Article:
Antibiotics in the Dairy Farm Environment: Understanding Antibiotic Transport to Improve Farm Sustainability

Project Overview

GNE19-201
Project Type: Graduate Student
Funds awarded in 2019: $11,782.00
Projected End Date: 09/30/2021
Grant Recipient: Cornell University
Region: Northeast
State: New York
Graduate Student:
Faculty Advisor:
Dr. Todd Walter
Cornell University

Commodities

Not commodity specific

Practices

  • Animal Production: manure management
  • Natural Resources/Environment: Contaminant Transport
  • Pest Management: genetic resistance

    Proposal abstract:

    Improving sustainability in farming has dominated engineering, outreach, and farmer conversations for many years. This project focuses on the sustainability associated with animal husbandry linkages to soil and water quality. Antibiotics used to treat animals may be impacting soil and water quality, leading to human and other organismal health concerns. Understanding the transport of these compounds on farms will help illuminate risk associated with soil and water contamination, and help farms prevent such transport. This work seeks to expand our understanding of the transport of these compounds through lab and field scale experiments paired with farmer interviews to determine and test distribution coefficients between antibiotics and manure and soils that they encounter upon excretion. Batch experiments, column experiments, and a practice-scale experiment will be conducted to determine transport coefficients and test models of transport prediction.

    Project objectives from proposal:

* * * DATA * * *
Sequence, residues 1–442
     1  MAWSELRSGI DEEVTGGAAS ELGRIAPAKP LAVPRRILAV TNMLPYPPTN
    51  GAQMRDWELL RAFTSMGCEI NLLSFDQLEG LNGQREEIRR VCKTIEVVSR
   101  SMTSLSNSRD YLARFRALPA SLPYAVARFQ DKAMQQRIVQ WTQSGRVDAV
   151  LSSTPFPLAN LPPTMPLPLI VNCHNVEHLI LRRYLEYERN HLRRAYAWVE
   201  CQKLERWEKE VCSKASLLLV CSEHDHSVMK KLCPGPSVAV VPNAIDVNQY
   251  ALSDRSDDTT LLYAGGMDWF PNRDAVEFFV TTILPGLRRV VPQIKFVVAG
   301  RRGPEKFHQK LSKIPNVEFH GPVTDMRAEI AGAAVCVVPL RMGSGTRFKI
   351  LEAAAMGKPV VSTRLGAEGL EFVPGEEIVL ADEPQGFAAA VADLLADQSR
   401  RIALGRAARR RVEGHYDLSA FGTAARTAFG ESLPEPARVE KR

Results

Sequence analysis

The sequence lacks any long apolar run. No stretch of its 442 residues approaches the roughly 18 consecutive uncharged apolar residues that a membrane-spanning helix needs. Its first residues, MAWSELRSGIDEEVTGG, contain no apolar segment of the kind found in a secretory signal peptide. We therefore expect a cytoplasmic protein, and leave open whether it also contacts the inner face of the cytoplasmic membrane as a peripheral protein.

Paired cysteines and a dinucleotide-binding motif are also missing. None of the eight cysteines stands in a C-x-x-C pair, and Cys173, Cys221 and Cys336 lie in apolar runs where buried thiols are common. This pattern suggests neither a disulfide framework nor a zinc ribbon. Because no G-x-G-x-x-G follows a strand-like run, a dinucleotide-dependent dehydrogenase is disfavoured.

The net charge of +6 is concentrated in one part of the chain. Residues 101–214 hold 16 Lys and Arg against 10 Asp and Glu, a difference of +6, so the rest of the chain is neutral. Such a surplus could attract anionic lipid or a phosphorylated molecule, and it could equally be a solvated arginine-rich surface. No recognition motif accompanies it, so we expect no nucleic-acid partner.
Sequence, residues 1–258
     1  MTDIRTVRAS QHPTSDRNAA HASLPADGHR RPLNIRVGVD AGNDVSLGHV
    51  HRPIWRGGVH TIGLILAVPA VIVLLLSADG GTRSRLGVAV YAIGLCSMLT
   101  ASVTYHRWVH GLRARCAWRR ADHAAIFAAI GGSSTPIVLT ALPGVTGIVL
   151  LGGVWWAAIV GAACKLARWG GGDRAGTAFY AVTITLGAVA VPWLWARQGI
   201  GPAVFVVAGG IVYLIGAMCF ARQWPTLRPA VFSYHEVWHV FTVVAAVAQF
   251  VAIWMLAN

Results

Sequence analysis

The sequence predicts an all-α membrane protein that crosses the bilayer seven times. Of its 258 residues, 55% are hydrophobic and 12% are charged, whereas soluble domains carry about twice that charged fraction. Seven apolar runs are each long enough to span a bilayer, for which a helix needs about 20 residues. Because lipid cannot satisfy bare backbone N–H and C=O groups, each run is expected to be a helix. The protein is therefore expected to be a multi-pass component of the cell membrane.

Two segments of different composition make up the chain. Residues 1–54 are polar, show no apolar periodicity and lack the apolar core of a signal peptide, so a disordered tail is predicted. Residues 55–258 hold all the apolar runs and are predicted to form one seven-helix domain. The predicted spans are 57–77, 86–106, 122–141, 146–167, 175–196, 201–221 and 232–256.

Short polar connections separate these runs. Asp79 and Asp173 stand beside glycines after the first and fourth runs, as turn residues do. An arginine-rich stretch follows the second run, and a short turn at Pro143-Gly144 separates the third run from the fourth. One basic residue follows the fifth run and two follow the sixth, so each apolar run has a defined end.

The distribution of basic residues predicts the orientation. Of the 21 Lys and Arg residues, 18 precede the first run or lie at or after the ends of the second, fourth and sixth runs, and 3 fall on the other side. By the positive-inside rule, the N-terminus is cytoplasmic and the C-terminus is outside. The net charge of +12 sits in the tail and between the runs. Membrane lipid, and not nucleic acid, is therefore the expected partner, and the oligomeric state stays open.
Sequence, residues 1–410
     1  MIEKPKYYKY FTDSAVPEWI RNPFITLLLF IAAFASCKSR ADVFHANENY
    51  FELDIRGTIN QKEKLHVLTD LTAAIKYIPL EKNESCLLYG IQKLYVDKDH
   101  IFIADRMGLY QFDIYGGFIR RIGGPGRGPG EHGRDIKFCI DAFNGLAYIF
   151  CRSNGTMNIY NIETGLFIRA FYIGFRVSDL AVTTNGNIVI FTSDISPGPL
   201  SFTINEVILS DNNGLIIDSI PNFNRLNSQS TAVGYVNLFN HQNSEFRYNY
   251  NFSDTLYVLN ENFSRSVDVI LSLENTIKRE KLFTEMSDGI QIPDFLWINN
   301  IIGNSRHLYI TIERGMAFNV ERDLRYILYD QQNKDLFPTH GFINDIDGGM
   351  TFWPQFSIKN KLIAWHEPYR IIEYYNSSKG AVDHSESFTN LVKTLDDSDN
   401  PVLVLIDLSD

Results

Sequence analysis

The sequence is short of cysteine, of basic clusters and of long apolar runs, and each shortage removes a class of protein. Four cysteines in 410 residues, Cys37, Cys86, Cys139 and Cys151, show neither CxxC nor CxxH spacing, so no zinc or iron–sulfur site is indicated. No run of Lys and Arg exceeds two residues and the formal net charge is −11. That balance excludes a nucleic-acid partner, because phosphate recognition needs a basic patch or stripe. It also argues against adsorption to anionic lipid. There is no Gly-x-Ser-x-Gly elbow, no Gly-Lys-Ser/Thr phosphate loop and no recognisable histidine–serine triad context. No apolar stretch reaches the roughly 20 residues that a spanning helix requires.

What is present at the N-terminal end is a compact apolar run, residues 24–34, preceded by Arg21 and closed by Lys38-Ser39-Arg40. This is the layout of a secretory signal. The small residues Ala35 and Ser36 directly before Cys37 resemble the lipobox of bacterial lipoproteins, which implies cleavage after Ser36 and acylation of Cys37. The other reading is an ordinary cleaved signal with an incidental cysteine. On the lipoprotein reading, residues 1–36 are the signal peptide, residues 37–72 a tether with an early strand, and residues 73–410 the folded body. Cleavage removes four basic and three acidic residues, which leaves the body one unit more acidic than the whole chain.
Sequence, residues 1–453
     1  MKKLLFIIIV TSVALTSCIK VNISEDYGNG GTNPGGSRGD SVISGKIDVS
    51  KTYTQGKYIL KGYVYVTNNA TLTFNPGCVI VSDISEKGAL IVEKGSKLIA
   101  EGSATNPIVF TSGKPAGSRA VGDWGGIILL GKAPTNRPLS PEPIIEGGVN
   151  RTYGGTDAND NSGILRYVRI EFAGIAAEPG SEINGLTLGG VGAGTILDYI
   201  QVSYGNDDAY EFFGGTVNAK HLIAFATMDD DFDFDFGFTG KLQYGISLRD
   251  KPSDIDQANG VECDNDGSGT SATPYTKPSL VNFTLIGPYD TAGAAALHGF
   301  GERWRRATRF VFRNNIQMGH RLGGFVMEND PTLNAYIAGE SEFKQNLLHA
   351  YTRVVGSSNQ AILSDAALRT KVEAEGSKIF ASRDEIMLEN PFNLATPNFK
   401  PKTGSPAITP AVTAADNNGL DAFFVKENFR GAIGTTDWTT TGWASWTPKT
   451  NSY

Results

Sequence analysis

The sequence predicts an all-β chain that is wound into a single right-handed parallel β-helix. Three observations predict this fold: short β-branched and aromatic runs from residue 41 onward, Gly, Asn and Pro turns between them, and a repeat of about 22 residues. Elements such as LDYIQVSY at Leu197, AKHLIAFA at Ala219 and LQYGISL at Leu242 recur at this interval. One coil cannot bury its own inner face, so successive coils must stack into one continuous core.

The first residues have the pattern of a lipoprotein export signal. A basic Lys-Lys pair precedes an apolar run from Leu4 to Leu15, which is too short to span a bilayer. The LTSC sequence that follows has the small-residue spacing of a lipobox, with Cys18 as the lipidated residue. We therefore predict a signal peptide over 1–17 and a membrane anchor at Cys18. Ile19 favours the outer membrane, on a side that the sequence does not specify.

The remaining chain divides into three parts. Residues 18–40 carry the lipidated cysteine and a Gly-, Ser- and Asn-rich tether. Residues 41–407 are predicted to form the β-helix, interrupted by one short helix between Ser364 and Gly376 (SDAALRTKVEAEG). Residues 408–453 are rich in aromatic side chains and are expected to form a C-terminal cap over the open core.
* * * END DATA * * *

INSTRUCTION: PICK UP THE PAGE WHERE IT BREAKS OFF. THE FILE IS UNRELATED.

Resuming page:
This work aims to characterize the adsorption and transport processes of antibiotics, and help predict transport of these compounds from agricultural sites to the surrounding geological and ecological systems. This work is to be done in parallel with an interview-based study on farmer perceptions of antibiotic impact on farms. The two studies together will create a more holistic understanding of antibiotic impacts on dairy farms. The interview study has been fully funded and is only discussed here where overlap applies.

    Objective 1: Determine adsorption coefficients for two antibiotics (erythromycin and ampicillin) to manure and soil.

    Objective 2: Model expected transport of antibiotics given experimental results in objective 1, and determine if the model holds for a laboratory column experiment. Adjust model appropriately if other factors (i.e. biological degradation) are shown to be important in controlling transport.

    Objective 3: Test the model outcome from objective 2 at the farm scale with environmentally relevant antibiotic concentrations.

    Objective 4: Lower communication barriers between farmers, scientists, policy makers and the public.

    Any opinions, findings, conclusions, or recommendations expressed in this publication are those of the author(s) and do not necessarily reflect the view of the U.S. Department of Agriculture or SARE.